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Learning the structure of a mathematical group

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A mathematical group is a set of operations that satisfies the properties of identity, inverse, associativity, and closure. Understanding of group structure can be assessed by changing elements and operations over different versions of the same underlying group. Participants learned this structure more quickly over four different, successive versions of a subset of the Klein 4-group, suggesting some understanding of the group structure (Halford, Bain, Mayberry, & Andrews, 1998). Because an artificial neural network learning the task failed to improve, it was argued that such models are incapable of learning abstract group structures (Phillips & Halford, 1997). Here we show that an improved neural model that adheres more closely to the task used with humans does speed its learning over changing versions of the task, showing that neural networks are capable of learning and generalizing abstract structure.
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... Some authors have argued that ordinary artificial neural networks are inherently unable to learn systematically structured representations such as mathematical groups (Phillips, & Halford, 1997; Marcus, 1998). However, a first step has recently been made to invalidate this claim, because it has been demonstrated that neural networks can learn particular mathematical groups, like the Klein 4-group, in a fashion that simulates learning by humans (Jamrozik & Shultz, 2007). We now extend the task to learning the abstract structure of small finite groups with three and four elements and we compare knowledge-based learning with knowledge-free learning. ...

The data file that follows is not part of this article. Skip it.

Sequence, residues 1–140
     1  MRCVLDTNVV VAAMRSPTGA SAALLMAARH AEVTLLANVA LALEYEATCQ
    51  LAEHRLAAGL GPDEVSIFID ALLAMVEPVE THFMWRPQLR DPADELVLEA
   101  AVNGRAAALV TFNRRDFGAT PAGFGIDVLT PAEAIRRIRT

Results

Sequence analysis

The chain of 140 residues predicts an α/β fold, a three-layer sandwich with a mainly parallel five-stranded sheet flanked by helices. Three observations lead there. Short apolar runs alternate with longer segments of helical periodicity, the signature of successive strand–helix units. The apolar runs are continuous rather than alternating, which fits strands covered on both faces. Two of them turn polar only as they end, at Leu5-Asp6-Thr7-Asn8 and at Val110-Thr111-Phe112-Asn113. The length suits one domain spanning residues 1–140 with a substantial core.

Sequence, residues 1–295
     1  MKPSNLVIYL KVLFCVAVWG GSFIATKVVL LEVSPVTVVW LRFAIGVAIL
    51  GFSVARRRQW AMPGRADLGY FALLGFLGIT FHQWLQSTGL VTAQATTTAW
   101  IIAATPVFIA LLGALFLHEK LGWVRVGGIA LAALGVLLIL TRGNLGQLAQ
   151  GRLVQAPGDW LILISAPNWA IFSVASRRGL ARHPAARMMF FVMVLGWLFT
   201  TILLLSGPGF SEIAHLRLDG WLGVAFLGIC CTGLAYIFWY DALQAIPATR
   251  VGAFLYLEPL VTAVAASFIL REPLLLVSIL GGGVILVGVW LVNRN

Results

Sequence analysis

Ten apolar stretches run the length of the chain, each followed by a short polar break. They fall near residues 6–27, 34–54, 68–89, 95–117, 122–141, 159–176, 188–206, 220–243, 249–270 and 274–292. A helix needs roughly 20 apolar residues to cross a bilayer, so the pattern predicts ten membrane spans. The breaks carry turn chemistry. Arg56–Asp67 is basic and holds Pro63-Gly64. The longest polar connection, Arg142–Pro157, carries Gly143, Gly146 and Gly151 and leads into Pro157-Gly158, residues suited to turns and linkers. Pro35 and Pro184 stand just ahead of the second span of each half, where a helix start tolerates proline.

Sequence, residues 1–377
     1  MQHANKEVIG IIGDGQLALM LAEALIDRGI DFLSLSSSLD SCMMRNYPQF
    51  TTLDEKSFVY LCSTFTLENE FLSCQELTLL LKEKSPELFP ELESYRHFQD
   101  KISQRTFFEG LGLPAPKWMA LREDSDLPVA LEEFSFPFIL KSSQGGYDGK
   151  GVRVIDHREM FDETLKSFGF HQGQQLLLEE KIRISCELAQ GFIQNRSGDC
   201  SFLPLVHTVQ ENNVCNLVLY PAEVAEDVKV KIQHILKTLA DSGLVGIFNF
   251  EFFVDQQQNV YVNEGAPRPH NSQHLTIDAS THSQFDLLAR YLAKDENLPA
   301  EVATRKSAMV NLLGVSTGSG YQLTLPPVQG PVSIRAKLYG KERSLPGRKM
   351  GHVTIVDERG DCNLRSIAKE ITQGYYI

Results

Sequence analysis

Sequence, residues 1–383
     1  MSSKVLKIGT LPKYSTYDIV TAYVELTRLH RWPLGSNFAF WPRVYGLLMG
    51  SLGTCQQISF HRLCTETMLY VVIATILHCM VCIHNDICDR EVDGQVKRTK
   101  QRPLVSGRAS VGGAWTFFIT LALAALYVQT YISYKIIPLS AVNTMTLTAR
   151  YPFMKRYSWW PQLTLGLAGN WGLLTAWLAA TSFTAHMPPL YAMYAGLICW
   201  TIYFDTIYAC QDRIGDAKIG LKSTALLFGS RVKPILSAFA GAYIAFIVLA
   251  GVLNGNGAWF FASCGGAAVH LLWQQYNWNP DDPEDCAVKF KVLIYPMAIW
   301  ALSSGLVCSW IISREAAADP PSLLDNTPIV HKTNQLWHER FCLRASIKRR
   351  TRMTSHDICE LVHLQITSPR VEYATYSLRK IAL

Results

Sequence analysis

... We make no claim that these neural networks understand groups in the same explicit fashion as mathematical specialists do. But these algorithms could well serve to model how ordinary people acquire complex, abstract, highly-structured knowledge (Jamrozik & Shultz, 2007; Egri & Shultz, 2006). Modeling expert explicit mathematical knowledge would require in addition that this implicit learned knowledge be converted into an axiomatic characterization that expresses the three group properties (i)–(iii) listed in our earlier section on The Abstract Group Structure, to allow for a concise representation of both finite and infinite groups (Schlimm, 2008). ...
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